For years you’ve been dreaming of hitting the open road, being your own boss, and making a solid living and now you’re ready. CDL in hand, vision of launching your own trucking company, but you need to get your feet wet with a larger carrier to learn the ropes and get some revenue. While you are picking a company to work for, the culture extends beyond the typical 9-to-5.
Get The Inside Scoop
Learning about the culture and inner workings of a company can be easier when looking at large companies, though depending on the size of your trucking driving school and past networking opportunities, it’s likely you’ll have a first or second-degree connection to a driver inside the company who should be able to give you a degree of insight into what to expect from this firm.
Do Your Homework
Review the company’s reputation, not just from what employees you know are saying, but do they have a good track record retaining drivers? Do they offer and support opportunities for employees to become contracted Owner-Operators? Are they equipped with any truck lease or loan programs to help drivers launch their businesses?
Other helpful information to research includes getting a read on the company’s age and financial health. Do they have longstanding relationships and no-contest contracts with load managers and freight customers or is every load bid out through a broker or load board?
Depending on your future plans, you’ll want to be sure to choose a carrier who maintains healthy operations near your preferred service area, whether it’s your home base for over-the-road trucking or local or regional freight. If you are planning to incorporate as an Owner-Operator in the future, looking at the incorporation fees, schedule, and tax implications depending on state will be an important consideration.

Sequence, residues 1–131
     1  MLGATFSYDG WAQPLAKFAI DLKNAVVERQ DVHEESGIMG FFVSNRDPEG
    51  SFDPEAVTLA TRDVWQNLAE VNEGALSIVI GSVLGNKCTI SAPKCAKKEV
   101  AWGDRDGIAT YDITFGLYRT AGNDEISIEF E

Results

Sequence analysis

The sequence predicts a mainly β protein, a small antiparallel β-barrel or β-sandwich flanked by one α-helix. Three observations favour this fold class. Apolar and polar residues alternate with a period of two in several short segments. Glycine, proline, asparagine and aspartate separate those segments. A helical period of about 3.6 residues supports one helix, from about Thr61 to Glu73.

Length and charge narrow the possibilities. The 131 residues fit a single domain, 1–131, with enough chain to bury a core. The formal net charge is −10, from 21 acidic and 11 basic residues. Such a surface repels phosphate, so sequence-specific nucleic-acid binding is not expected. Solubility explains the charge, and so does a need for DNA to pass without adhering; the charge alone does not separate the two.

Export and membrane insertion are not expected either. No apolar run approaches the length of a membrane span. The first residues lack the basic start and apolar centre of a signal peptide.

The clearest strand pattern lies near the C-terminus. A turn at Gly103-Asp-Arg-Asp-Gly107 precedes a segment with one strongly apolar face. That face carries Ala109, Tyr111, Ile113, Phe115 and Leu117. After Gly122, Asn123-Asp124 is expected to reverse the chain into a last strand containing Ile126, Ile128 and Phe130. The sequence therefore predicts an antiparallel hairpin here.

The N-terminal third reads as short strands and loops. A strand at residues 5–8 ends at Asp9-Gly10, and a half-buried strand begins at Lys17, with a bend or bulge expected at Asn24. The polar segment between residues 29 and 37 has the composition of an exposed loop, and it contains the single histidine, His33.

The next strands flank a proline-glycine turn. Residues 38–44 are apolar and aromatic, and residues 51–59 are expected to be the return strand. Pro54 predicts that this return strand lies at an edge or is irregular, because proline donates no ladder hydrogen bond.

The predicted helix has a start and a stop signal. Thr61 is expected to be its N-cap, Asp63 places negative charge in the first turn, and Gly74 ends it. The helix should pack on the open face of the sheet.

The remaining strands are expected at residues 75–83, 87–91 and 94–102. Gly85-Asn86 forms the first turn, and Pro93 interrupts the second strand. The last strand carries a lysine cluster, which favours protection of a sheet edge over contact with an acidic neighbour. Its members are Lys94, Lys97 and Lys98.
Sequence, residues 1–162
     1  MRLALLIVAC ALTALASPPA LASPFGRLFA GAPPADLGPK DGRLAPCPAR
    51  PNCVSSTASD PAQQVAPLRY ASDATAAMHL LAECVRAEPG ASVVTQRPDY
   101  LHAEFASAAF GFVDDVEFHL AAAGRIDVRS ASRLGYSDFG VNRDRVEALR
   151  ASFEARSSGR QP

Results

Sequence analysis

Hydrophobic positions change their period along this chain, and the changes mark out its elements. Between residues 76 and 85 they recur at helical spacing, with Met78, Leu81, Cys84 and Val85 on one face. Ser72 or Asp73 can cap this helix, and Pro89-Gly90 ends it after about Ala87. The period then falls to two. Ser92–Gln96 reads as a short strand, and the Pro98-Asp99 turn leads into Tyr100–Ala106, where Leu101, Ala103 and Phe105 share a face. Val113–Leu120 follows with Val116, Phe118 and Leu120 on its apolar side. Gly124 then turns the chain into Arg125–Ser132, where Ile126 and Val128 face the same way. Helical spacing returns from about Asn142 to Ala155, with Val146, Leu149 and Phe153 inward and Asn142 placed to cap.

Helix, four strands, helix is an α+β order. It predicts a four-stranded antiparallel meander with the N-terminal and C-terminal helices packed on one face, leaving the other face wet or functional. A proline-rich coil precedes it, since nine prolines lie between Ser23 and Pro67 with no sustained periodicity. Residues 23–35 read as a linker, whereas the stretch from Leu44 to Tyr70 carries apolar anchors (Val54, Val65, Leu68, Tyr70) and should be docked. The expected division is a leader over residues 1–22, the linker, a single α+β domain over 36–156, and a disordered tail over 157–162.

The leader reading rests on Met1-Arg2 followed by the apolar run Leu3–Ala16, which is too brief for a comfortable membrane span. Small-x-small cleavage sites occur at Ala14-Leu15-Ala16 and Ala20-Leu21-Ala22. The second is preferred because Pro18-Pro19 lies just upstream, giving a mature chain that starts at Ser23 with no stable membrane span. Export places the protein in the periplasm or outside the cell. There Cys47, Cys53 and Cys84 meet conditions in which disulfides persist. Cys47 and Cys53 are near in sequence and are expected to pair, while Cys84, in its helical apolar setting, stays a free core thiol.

Tractor Equipment Offered
As an employee or even contracted driver, you will be provided a tractor to drive, look into the track record of that equipment, in case you are required to bear the cost of any of the maintenance or should there be reliability concerns that will impact your uptime and take-home pay.
Compare With Others
It’s helpful to build a matrix of several trucking companies to help you better examine the pros and cons of each. It’s difficult to find negatives when only examining a single firm. By pulling in a few competitors in your evaluation, you may be surprised by the company offering the greatest career opportunity!
If your decision is still unclear after personal research, consider reaching out to a trucking industry recruiter. They are paid by the hiring trucking company, so there is virtually no risk for the driver on the hunt.